NORWALK, Conn. – The differences between the mayoral candidates’ sensitivity to Latino issues is obvious to anyone who was at the South Norwalk Community Center’s mayoral debate, according to Councilman Warren Pena.
“There was a clear distinction,” Pena said of Republican Mayor Richard Moccia and Democratic mayoral candidate Harry Rilling. “One gentleman, the current mayor, was very angry. He was intolerant of the questions, at times uncomfortable. We have another candidate running for mayor on our Democratic side, Harry Rilling, who was compassionate, who was thoughtful, who understood the community or the audience he was in front of and had a conversation with these folks.”
Pena’s a strong supporter of Rilling, of course.
You can judge for yourself in the last two videos of our series from the center.
In the first one, above, the men answer this question:
Norwalk is home to a large Latino population. In fact, Latinos account for roughly 25 percent of Norwalk’s population and 47 percent of the students in our public schools. Yet, of the 223 municipal board and community positions in Norwalk, less than 7 percent are Latino. This under representation may be the reason Latinos feel disenfranchised.
Out of 5,200 Latino registered voters, 800 voted in the last election. What will you do to address this under-representation, not only on the boards and commissions, but also in all the city departments, including the fire and police departments?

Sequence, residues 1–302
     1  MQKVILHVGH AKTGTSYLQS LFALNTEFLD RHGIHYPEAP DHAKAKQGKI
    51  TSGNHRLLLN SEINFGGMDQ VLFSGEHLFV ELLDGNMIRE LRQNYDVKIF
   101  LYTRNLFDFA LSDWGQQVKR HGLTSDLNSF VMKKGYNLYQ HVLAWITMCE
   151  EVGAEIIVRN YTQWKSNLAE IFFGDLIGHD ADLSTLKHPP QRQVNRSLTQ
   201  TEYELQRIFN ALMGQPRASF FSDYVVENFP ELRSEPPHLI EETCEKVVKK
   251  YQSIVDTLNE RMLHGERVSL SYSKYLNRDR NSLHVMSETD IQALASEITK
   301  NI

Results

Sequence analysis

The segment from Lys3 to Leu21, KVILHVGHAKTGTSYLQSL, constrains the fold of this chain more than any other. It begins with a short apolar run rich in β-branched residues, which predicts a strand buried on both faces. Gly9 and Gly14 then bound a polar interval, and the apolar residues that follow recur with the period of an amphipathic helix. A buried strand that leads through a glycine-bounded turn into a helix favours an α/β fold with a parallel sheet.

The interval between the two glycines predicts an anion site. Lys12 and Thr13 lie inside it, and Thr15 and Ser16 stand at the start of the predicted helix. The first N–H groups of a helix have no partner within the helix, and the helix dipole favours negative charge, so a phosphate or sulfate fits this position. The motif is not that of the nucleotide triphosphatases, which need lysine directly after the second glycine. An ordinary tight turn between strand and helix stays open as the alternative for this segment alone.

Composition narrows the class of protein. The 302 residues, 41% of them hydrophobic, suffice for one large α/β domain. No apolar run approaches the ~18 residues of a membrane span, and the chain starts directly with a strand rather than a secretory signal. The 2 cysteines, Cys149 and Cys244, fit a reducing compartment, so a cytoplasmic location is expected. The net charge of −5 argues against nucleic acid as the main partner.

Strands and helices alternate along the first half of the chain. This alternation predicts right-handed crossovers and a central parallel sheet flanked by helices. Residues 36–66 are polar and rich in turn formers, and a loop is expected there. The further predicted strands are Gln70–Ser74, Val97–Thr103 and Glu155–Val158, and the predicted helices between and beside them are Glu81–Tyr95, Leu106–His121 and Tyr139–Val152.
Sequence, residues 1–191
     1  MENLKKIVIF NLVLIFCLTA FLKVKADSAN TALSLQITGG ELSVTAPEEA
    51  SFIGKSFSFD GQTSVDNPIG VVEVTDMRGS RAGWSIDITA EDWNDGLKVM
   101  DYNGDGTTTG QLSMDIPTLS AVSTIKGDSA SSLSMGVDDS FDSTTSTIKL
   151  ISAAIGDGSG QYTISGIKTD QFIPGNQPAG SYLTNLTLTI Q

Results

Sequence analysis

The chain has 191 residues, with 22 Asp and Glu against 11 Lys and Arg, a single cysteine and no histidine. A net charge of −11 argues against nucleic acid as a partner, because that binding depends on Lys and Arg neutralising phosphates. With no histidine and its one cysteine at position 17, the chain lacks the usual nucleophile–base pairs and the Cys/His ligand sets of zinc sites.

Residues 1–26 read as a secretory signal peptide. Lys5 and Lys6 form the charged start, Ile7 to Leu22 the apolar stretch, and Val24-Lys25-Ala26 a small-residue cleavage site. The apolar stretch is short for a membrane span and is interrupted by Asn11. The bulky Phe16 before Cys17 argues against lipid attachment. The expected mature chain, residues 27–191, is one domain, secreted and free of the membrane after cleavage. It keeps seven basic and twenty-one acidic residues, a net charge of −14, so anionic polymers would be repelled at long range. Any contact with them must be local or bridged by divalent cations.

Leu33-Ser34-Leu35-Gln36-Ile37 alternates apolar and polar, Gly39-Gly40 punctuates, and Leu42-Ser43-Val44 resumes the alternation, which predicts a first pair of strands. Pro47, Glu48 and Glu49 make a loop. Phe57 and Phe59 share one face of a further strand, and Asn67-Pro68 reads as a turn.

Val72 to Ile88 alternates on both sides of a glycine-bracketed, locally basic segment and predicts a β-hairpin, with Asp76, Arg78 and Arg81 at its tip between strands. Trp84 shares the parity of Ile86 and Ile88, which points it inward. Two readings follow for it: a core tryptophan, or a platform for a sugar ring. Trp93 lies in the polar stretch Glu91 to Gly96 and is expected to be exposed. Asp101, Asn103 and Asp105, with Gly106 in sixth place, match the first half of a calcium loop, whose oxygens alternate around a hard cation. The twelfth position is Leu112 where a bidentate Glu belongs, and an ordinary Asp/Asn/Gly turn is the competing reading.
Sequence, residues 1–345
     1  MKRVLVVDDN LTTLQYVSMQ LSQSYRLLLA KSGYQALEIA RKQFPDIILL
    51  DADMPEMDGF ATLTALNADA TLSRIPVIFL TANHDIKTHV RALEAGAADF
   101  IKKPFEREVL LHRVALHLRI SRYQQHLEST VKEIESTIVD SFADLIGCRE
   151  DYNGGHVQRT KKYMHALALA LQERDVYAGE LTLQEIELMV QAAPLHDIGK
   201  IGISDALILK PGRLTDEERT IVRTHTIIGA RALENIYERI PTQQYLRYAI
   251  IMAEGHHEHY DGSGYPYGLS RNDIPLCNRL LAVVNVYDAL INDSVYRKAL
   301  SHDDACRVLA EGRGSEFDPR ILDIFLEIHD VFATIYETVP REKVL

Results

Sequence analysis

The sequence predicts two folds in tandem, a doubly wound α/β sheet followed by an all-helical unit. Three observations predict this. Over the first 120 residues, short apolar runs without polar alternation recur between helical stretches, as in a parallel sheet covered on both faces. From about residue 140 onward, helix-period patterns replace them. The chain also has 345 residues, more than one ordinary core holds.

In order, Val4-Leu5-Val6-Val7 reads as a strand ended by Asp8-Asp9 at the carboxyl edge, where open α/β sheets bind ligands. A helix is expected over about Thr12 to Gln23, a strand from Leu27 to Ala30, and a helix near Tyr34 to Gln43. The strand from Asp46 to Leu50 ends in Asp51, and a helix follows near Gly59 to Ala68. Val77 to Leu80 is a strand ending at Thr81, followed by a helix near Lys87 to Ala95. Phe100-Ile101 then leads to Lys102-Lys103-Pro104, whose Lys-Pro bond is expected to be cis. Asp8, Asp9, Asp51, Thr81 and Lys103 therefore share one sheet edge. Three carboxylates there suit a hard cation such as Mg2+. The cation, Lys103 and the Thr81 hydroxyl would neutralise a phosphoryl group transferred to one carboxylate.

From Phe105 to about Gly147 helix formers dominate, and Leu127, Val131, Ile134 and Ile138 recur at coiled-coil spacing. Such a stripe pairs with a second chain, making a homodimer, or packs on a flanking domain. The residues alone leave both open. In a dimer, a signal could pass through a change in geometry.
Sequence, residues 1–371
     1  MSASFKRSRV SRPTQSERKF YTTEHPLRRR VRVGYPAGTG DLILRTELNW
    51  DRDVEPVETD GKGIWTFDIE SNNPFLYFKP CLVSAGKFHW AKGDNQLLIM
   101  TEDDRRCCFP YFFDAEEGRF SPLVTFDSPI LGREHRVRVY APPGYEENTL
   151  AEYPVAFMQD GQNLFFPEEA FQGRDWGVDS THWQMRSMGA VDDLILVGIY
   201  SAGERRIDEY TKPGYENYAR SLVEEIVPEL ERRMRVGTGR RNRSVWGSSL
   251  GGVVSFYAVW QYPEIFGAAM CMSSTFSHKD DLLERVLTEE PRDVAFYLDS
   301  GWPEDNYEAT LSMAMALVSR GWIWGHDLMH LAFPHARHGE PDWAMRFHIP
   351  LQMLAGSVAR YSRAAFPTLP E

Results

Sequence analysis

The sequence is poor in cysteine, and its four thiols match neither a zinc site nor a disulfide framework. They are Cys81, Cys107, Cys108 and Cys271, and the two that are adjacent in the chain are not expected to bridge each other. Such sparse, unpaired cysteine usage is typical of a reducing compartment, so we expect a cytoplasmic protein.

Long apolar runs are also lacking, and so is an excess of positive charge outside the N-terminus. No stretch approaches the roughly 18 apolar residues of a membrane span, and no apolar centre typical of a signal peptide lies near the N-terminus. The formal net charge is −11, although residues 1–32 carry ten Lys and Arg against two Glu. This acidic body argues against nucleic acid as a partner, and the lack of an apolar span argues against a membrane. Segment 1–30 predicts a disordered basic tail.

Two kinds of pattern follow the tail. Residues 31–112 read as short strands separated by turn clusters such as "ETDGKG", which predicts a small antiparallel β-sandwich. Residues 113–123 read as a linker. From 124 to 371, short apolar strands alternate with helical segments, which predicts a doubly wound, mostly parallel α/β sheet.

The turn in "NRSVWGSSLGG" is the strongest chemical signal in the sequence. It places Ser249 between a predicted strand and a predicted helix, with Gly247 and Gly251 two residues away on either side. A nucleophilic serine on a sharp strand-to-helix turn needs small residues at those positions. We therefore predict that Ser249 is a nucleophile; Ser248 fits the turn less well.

Moccia said to be on a board or commission you have to be a registered Norwalk voter, and only 800 Latinos vote.
“The only person that can disenfranchise yourself is yourself. You have to come out and vote and you can’t blame it on a system that says we might need more people,” he said, to a smattering of applause.
You don’t have to vote to be on a board or commission, according to the charter; you just have to be registered, a “member of the electorate.”
Moccia also disputed the idea that Latinos don’t vote because there aren’t many Latinos serving on boards or commissions.
Rilling said, “Since this question had to be asked then its a real problem. We have to make sure that you feel welcome on these boards and commissions. We have to hold voter registration drives geared toward Hispanic voters.”
In the video below this question was asked:
The entrepreneurial spirit within the Latino community is well noted. In what ways can the city of Norwalk assist Latino small business owners in these three areas? Reducing barriers to market entry, for example, training and technical assistance, increasing access to capital and building credit, creating access to markets, for example, commercial corridors.
“It is not just on the city,” Moccia said. “It is easy to say the city needs to reach out. What we try to do in the city is to ensure if they have questions they can meet with marketing director, if they have zoning issues they can meet with planning and zoning.”
That only works if people feel welcome in City Hall, Rilling said.
“I’ve heard over and over again that Norwalk City Hall is one of the unfriendliest places to do business,” he said. “I have heard it so many times I have to believe that it’s true.”
Moccia said that is “totally incorrect.”
“City Hall is a warm, welcoming place,” he said. “All of our departments are trained in this and understand it, and we are required by law, even if we didn’t want to do it we are required to do it.”